Make the mustache go: De-hair Blair

Mentor Duluth says about 400 people will celebrate 75 years of mentoring in Duluth by attempting to make Blair Gagne shave off his mustache Friday.

Gagne, community services director for Mentor Duluth, has had his mustache almost half as long as formal mentoring programs have existed in Duluth. He says he’ll shave his mustache if participants in the 75th anniversary event raise $7,500.

Mentoring began in Duluth with the formation of the Fatherless Boys Association in 1938. The name was changed to the Friendship and Brotherhood Association in the 1980s when girls were allowed into the program. Mentor Duluth was formed in 1997.

If you’re not signed up for Friday’s event, you still can support Mentor Duluth by donating or signing up.

Say no to Novak

Sorry to be the bearer of bad news, but, no, you are not the rightful heir of Andrew Novak and his lost millions.

It’s a scam, and a weird one, according to the Minnesota Department of Commerce. Apparently someone’s been sending e-mails telling people that the Commerce Department has money for them in the Unclaimed Property Program. The weird part is the e-mails aren’t even in English.

“The e-mails reported to the Commerce Department use the subject line ‘Heritage’ and are written in Slovenian,” the department said in a news release.

The e-mails urge relatives of “Andrew Novak” to claim their inheritance and, of course, to provide personal information that you’ll regret sending.

Just remember, government agencies don’t send e-mails out of the blue requesting personal info. If you get something like that, be very suspicious.

How to spot a fake

The Commerce Department provided some good advice on how to spot a fake e-mail or Web link:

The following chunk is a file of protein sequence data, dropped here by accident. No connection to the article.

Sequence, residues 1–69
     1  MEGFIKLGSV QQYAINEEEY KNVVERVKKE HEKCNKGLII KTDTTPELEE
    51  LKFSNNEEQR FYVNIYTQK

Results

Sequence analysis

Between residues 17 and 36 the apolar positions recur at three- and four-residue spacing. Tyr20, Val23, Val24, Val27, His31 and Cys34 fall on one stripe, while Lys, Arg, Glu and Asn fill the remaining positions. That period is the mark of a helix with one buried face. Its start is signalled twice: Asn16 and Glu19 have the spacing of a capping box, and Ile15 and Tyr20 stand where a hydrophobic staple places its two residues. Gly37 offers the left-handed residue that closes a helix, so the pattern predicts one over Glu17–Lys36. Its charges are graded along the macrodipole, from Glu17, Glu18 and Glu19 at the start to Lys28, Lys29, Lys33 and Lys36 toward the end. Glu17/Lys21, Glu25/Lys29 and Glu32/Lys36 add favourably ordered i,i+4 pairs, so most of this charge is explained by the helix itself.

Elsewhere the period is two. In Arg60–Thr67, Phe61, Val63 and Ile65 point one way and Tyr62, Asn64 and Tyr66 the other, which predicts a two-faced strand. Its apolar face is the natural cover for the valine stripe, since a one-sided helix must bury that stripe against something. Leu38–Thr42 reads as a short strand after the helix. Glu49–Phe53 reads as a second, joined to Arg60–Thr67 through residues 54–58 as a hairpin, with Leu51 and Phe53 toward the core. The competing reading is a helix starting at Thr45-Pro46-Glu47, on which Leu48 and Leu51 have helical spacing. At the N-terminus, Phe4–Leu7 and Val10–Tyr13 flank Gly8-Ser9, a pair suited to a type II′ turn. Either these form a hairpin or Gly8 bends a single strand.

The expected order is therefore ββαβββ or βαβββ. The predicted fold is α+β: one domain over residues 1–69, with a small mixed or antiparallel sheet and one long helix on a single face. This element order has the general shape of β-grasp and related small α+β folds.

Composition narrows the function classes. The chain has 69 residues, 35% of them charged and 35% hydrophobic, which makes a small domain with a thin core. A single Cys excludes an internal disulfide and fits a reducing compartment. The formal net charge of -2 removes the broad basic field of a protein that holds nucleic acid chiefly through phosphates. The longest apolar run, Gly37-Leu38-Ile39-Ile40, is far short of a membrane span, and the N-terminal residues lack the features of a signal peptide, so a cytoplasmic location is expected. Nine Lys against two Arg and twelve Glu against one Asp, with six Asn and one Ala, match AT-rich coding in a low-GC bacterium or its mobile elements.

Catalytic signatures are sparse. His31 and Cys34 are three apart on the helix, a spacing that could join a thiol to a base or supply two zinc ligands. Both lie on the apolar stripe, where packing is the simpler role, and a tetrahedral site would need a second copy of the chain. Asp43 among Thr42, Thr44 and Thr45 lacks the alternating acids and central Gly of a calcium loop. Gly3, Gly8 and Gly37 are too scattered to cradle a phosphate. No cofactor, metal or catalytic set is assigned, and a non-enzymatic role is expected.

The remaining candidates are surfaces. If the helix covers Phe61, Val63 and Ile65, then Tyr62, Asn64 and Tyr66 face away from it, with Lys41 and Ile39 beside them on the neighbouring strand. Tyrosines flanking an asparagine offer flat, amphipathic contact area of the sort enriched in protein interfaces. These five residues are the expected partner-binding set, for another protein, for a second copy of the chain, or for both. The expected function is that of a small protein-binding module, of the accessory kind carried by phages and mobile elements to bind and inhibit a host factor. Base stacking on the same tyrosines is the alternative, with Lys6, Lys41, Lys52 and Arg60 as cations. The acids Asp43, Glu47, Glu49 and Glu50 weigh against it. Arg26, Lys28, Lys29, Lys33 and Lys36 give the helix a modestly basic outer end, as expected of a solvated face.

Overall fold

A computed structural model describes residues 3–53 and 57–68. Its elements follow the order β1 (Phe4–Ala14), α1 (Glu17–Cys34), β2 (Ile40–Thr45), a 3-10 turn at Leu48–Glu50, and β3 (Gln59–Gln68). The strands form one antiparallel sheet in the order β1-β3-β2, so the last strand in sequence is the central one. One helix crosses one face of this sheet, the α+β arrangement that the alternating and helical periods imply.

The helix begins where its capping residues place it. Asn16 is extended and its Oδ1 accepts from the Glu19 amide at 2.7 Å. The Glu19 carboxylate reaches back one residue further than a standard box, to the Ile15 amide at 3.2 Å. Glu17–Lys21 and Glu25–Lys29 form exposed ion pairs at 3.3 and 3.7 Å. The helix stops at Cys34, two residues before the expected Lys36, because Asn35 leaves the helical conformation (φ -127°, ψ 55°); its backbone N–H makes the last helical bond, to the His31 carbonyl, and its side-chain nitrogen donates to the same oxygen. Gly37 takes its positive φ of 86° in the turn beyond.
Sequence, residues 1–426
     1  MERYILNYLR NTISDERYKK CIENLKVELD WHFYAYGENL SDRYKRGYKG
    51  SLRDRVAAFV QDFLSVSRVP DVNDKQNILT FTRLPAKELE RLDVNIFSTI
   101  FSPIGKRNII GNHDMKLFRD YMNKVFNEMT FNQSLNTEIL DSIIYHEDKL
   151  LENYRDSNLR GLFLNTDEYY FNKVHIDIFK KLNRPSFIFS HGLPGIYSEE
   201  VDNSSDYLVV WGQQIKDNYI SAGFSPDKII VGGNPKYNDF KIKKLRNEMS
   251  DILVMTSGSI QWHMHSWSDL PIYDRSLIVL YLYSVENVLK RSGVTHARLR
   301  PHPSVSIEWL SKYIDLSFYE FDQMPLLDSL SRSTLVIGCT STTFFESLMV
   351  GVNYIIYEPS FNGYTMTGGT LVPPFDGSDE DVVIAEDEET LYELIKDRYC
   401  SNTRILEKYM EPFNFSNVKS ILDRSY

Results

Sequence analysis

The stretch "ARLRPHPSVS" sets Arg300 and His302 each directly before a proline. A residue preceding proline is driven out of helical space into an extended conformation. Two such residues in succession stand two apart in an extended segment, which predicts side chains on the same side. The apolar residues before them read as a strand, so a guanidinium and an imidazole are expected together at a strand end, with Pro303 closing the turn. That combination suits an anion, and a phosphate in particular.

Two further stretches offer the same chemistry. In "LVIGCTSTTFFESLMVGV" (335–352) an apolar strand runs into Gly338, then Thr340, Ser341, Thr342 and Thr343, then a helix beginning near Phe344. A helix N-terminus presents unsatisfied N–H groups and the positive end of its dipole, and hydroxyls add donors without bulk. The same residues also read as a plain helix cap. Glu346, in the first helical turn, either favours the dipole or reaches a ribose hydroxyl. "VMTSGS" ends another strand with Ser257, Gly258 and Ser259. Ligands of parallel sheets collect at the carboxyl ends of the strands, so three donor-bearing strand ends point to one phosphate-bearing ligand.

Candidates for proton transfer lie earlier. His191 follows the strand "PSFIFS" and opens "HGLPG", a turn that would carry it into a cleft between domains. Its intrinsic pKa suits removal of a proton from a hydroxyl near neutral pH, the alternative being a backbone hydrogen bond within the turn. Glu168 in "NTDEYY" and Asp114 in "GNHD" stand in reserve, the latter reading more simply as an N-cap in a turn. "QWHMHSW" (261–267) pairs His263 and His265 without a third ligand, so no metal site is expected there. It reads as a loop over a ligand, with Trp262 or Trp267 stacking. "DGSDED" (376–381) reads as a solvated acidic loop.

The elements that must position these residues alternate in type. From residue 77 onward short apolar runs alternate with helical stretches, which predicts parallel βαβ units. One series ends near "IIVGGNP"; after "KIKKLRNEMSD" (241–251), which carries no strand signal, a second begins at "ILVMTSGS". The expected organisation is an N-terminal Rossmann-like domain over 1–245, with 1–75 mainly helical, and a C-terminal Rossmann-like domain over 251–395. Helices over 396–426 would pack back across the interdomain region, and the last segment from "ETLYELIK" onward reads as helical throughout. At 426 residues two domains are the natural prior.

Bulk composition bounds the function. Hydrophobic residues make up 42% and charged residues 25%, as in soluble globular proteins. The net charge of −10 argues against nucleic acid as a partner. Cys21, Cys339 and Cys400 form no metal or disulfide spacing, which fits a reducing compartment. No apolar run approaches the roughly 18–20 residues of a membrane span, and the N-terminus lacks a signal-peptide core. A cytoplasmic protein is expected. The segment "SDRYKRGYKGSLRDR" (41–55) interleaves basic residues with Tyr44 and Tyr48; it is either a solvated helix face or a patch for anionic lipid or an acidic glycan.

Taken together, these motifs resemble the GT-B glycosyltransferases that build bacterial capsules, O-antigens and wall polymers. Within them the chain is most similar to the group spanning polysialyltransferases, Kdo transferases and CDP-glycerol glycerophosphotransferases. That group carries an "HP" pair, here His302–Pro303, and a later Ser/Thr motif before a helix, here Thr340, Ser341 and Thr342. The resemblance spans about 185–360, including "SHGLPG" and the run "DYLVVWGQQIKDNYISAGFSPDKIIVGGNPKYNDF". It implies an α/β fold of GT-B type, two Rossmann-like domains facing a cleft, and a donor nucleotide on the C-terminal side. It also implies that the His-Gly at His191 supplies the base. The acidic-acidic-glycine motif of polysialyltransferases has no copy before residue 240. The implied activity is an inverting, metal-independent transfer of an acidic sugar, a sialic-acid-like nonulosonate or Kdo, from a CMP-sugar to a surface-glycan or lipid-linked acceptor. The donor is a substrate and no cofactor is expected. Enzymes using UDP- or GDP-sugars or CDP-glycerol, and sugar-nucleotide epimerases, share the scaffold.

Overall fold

• Look for suspicious typos and grammatical errors.
  • Hover your mouse over the sender’s address to see if the real address is different.
  • Copy and paste the text into Notepad (not Word). Notepad does not support HTML, so if a link is fake, the real link will show up.
  • Avoid filling out forms in e-mail messages that ask for personal information.
  • Look up and log on to the official website instead of “linking” to it from an unsolicited e-mail.
  • Contact the actual business or agency that supposedly sent the e-mail to find out if it’s genuine. Look up phone numbers or e-mail addresses rather than using contact info provided in an e-mail.

This otter be fun

Anang, a female otter, gnaws on a carrot, one of her favorite treats, while painting his next work of art at the Great Lakes Aquarium in this 2012 file photo. (2012 file, Bob King / News Tribune)

Cheesecake we can understand, but fish cake?

Zhoosh and Anang the river otters really are getting on in years, but that doesn’t mean they don’t enjoy birthday cake. And when we say “cake” it means birthday cake-shaped ice with fish packed inside of it and fish on top.

A birthday party will be held for the Great Lakes Aquarium resident otters, both celebrating milestones, from 11 a.m. to 4 p.m. Saturday.

Anang turned 16 in January, and Zhoosh turns 13 in March. Each guest who brings a gift from a wish list for the otters, famous for their artistic abilities, gets $3 off admission.

The wish list is at the Great Lakes Aquarium website.

Sheet cake (fish-free, we think) and punch are available to everyone at 2 p.m. when the otters eat their fish cake. Other events run throughout the day, beginning with a dive show at 11 a.m. and ending with stingray feeding at 4 p.m.

Books on wheels

The Duluth Public Library hopes to bring back the literary equivalent of Meals on Wheels, but it will take volunteers to make it happen.

The library’s home-delivery service is a way to bring books to and from residents who can’t get to a library because of physical limitations. Budget and staffing cuts forced it to drop home delivery in 2008, when it had nearly 100 participants. The library now is at the point where it can consider restoring the service, said Renee Zurn, digital and outreach library supervisor.